How Hip-Hop Music Influence the Identity of Black Boys

Subject: Art
Type: Evaluation Essay
Pages: 3
Word count: 470
Topics: Music, African American Culture, Identity, Race

   “A Beautiful Mind: Black Male Intellectual Identity and Hip-Hop culture” is an article in the Journal of Black Studies that outlines the development of the hip-hop culture and how it has impacted the black boys in the society (Jenkins, 2011). Due to the message communicated by hip-hop music and the identity the musicians assume, many stereotypes have that depict blacks as dumb, and gangsters have been developed. Despite the criticism from the public and mainstream media, hip-hop has remained popular among the black boys. Looking around you realize that black boys are talking, grooming, and behaving similarly to the hip-hop musicians. However, it is important to note that personal traits of hip-hop musicians are in most cases different from those depicted in their performance and their music is a way of narrating their ordeals in their day-to-day life (Ragsdell, 2010). However, the youths who are unable to differentiate the real from the fake end up imitating everything their favorite hip-hop musician do or say. In their endeavor to identify with these hip-hop musicians, black boys end up in changing their way of talking, changing their grooming, doing drugs, joining criminal gangs, and defying the societal order (McWhorter, 2016). Over time, the hip-hop music has gone beyond being a form of entertainment to a way of life, what is commonly known as the hip-hop culture. In this paper, I will specifically address those areas that are derived from hip-hop music and influence the identity of black boys in the society.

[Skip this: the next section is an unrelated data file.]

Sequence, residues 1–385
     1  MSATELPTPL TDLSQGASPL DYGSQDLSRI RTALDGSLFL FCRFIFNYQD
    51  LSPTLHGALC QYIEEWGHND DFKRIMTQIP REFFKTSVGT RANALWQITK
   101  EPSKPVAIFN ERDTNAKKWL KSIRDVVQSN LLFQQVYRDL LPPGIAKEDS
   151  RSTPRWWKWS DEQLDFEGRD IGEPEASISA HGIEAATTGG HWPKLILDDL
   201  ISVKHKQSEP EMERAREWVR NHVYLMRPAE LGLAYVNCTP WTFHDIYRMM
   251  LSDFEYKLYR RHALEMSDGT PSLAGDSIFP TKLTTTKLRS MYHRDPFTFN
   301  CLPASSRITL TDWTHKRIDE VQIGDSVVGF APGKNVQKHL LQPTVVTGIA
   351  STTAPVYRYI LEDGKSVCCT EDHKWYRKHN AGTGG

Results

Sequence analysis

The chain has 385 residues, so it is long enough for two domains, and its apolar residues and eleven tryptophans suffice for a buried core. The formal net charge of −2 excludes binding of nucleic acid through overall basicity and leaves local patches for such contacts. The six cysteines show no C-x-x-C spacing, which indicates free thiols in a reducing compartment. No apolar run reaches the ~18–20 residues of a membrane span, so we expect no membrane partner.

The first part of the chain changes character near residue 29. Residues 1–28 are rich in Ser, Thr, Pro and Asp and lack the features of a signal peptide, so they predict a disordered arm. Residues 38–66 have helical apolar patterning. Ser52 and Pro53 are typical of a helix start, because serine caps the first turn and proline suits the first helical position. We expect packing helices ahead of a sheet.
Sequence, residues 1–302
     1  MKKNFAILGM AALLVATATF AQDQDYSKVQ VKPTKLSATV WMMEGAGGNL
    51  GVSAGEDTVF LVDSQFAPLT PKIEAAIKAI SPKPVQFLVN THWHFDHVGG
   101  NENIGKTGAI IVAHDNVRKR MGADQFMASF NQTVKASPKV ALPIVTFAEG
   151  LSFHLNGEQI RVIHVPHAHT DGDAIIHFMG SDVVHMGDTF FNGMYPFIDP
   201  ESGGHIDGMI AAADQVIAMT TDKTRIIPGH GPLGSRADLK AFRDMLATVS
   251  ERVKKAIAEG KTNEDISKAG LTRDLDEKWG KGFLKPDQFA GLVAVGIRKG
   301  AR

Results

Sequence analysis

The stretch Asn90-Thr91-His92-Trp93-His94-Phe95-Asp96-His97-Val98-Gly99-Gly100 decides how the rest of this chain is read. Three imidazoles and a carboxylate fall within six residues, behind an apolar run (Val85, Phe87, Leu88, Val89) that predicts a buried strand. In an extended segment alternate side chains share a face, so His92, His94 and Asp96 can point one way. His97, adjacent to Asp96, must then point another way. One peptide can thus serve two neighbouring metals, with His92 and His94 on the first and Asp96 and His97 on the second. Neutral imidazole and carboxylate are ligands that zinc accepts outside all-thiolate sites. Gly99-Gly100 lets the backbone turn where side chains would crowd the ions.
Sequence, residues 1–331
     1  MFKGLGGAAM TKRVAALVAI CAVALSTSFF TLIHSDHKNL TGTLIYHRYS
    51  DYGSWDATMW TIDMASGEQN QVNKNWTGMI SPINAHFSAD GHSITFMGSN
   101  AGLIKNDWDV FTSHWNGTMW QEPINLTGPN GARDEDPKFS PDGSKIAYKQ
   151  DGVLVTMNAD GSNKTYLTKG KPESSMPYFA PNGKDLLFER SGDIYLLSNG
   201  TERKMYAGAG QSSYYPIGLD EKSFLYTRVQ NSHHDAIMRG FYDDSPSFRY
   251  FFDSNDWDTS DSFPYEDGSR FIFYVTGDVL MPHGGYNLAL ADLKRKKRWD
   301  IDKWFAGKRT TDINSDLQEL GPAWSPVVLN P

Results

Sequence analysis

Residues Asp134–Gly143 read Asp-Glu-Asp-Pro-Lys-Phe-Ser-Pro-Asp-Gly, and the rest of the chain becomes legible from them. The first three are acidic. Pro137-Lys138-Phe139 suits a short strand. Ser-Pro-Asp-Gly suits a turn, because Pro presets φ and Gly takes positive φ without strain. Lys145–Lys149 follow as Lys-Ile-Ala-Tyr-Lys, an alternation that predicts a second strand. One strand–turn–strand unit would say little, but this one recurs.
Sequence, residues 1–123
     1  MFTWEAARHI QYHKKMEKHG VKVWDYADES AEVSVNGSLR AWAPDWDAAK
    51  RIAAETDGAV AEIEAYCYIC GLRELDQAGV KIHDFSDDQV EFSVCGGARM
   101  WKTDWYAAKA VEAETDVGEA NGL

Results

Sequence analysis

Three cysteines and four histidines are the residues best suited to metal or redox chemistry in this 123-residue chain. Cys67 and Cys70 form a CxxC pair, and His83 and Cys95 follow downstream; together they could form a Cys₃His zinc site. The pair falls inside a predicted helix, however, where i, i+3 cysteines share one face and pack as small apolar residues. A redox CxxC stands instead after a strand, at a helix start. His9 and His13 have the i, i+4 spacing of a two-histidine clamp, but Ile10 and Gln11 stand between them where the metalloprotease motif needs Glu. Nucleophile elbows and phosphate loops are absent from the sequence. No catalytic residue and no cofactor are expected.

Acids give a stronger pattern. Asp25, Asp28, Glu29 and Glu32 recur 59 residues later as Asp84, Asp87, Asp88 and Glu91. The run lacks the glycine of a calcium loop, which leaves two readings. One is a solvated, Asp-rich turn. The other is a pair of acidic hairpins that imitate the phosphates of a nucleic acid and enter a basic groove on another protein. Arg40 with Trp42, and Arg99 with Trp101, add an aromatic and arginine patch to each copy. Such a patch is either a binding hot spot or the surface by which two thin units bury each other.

Concept map of how hip-hop music influence the identity of black boys in the United
Fig 1: Concept map of how hip-hop music influence the identity of black boys in the United States

Back in the 1970’s, hip-hop was a way used by the blacks to express themselves and tell the world the story of their lives. However, the emergence of rap which was mostly done by drug dealers changed the image of rap. This built the current stereotypes that have greatly affected the society as a whole.

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  1. Banjo, O. W. G. H.-B. S. F. I. N. a. L. J., 2016. As Seen on TV?: Hip Hop Images and Health Consequences in the Black Community. The Ashgate Research Companion to Black Sociology, p. 223.
  2. Cochran, S., 2015. Hip-Hop commercialism and the destructive exploitation of young Black males: In search of Joseph. Spectrum: A Journal on Black Men, 2(3), pp. 45-70.
  3. Ibrahim, A., 2009. Becoming black: Rap and hiphop, race, gender, identity, and the politics of ESL learning. TESOL quarterly, 3(33), pp. 349-369.
  4. Jenkins, T., 2011. A beautiful mind: Black male intellectual identity and hip-hop culture. Journal of Black Studies, 8(42), pp. 1231-1251.
  5. McWhorter, J. H., 2016. How Hip-Hop Holds Blacks Back.
  6. Ragsdell, L. A., 2010. Hip-hop’s influence on young black men.
  7. Spokesman, M., 2013. Does Hip-Hop Drive Negative Stereotypes of Black Men?. 
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